Two Tunnels Greenway

The Two Tunnels Greenway is a shared use path for walking and cycling in Bath, Somerset, England.[2] The route links National Cycle Route 24 south of Bath with National Cycle Route 4 in the town centre,[3] and is designated as National Cycle Route 244.[4]

NCN Route 244
Two Tunnels Greenway
Devonshire Tunnel portal on opening day.jpg
The western portal of the Devonshire Tunnel on the Greenway's opening day in 2013
Length3.8 miles (6.1 km) [1]
LocationSomerset, United Kingdom
Established6 April 2013
DesignationUK National Cycle Network
TrailheadsEast Twerton (west) to Midford (east)
UseCycling
Highest pointCombe Down Tunnel, 91.4 m (300 ft)
Lowest pointEast Twerton, 18.8 m (62 ft)
DifficultyEasy
Websitehttps://www.sustrans.org.uk/find-a-route-on-the-national-cycle-network/route-244/

RouteEdit

The route follows the disused railway trackbed of the Somerset and Dorset Joint Railway from East Twerton through the Bath suburb of Oldfield Park to the Devonshire Tunnel. It emerges into Lyncombe Vale before entering the Combe Down Tunnel, and then coming out to cross Tucking Mill Viaduct at Tucking Mill into Midford.[5] The new route links National Cycle Route 4 in Bath and National Cycle Route 24, 2.5 miles (4 km) south of the city.

HistoryEdit

NCN24, crossing Midford viaduct, at the south end of the 'Two Tunnels' route, opened in 2005. Sustainable transport charity Sustrans has met with success with its bid for National Lottery funding to start construction of the route.[2] A 'Two Tunnels Steering Group' was established, consisting of the Two Tunnels group, Bath and North East Somerset Council and Sustrans, to ensure the route's successful development.[6]

In June 2009 the major structures were surveyed in preparation for their transfer into the ownership of the local authority from Wessex Water, but the costs of refurbishing the Tunnels exceeded the total project budget then estimated to be £1.9M, with £1M coming from Sustrans.[7] Subsequently it was agreed that Sustrans should take ownership of the tunnels and be responsible for their refurbishment.

Work began in March 2010 with the excavation of the then-buried western portal of the Devonshire Tunnel, and the project was completed and opened on 6 April 2013.[8] In July 2010, Wessex Water transferred the care of the Devonshire and Combe Down tunnels to Sustrans.[7] Development plans were said to include the installation of motion-sensitive lighting, mobile phone coverage and CCTV within the tunnels,[9] though at the time the Greenway opened, no plans existed for mobile phone coverage in the tunnels.[10]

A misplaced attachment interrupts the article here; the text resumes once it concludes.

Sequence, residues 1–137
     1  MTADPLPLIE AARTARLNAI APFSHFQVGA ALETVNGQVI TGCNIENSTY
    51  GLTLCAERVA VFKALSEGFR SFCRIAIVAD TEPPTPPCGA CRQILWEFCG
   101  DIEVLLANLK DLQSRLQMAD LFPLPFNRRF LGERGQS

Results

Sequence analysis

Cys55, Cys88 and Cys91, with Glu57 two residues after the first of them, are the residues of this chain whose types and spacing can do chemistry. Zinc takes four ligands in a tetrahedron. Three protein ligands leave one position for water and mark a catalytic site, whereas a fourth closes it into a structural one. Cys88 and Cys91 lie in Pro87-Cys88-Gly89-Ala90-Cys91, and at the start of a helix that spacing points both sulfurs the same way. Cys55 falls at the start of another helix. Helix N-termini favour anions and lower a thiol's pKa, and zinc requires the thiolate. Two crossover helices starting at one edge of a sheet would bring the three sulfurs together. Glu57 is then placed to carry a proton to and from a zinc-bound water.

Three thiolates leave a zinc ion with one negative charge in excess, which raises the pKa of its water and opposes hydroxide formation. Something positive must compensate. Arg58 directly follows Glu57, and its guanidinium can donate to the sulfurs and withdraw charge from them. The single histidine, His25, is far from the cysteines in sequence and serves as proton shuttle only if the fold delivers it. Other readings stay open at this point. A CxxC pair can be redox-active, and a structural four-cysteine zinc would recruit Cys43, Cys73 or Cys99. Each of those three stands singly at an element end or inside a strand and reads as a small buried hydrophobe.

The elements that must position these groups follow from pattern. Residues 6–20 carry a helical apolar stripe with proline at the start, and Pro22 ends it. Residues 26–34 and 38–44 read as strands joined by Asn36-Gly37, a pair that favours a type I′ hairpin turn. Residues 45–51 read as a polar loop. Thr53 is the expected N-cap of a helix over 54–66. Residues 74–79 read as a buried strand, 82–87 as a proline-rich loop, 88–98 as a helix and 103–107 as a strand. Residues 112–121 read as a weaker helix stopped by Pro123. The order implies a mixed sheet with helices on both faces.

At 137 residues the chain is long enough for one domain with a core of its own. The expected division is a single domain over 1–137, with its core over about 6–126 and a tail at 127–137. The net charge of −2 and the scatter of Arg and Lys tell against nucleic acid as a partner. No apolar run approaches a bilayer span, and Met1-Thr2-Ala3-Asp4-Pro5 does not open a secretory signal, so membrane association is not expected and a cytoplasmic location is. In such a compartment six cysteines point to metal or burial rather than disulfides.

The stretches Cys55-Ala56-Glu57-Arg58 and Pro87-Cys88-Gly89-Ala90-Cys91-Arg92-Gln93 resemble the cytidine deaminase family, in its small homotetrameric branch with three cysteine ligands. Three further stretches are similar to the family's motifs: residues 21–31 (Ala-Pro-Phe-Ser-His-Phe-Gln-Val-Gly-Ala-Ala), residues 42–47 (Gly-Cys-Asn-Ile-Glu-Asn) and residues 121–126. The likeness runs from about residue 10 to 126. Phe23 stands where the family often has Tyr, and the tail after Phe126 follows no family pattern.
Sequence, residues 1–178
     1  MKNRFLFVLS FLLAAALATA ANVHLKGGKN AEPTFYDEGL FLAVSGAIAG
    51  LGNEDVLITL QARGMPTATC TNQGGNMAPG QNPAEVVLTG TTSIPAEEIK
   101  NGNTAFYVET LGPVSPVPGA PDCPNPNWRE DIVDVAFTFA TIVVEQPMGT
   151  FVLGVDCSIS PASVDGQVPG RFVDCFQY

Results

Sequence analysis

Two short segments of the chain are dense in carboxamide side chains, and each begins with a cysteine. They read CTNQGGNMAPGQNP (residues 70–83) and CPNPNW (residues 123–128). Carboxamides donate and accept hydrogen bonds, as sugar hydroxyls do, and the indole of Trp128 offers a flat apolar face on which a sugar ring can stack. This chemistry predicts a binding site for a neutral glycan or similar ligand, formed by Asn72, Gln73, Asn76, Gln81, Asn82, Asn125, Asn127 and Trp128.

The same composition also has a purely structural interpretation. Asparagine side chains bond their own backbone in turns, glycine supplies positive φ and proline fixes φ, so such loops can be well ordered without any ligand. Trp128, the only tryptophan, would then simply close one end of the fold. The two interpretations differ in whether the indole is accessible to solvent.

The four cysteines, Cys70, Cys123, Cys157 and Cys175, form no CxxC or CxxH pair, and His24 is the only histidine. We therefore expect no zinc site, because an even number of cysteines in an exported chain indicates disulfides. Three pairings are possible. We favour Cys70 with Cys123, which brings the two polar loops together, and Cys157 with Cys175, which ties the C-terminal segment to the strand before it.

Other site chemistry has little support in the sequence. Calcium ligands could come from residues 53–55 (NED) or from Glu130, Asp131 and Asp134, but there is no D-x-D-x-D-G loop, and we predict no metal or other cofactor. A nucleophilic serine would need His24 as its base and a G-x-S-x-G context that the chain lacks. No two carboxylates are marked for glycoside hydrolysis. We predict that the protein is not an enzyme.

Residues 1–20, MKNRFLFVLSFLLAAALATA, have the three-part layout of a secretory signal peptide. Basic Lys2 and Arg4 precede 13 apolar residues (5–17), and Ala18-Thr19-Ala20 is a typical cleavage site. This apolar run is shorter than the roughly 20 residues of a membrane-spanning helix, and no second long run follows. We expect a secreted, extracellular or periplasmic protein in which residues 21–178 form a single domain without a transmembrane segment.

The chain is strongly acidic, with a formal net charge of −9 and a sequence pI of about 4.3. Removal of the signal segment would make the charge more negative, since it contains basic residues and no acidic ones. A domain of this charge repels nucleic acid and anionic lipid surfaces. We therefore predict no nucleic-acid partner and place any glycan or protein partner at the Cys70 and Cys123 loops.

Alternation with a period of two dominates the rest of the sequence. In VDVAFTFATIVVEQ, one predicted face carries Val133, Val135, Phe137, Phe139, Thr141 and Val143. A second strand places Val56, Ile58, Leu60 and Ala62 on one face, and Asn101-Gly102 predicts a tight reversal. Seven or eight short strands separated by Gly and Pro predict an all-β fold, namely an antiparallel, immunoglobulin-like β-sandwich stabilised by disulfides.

The Combe Down tunnel reopened on 6 April 2013.[11]

See alsoEdit

ReferencesEdit

  1. ^ "Route 244". Sustrans. Retrieved 9 May 2022.
  2. ^ a b "The Two Tunnels Shared Use Path". Bath & North East Somerset Council. Archived from the original (PDF) on 7 November 2007. Retrieved 3 October 2007.
  3. ^ "Route 244". Sustrans. Retrieved 9 May 2022.
  4. ^ "Route 244 - Map Sustrans". Sustrans. Retrieved 9 March 2014.
  5. ^ "Two Tunnels path opens in Bath". Ordnance Survey. Archived from the original on 3 July 2013. Retrieved 11 June 2013.
  6. ^ "Statement by Frank Tompson of 'Two Tunnels Group'" (PDF). Bath & North East Somerset Council. 7 March 2007. Archived (PDF) from the original on 17 November 2011.
  7. ^ a b "Railway tunnels handed to cycle charity Sustrans". BBC News. 17 July 2010. Retrieved 17 July 2010.
  8. ^ "Two Tunnels Shared Path". Archived from the original on 26 January 2013. Retrieved 4 February 2013.
  9. ^ "The Two Tunnels Project". Proud of Twerton. April 2008. Archived from the original on 13 May 2008. Retrieved 9 July 2008.
  10. ^ "Mark Annand (Two Tunnels Group secretary) on Twitter".
  11. ^ Morris, Steven (22 March 2013). "Bath's Combe Down railway tunnel to reopen for cyclists and hikers". Guardian. Retrieved 23 March 2013.

External linksEdit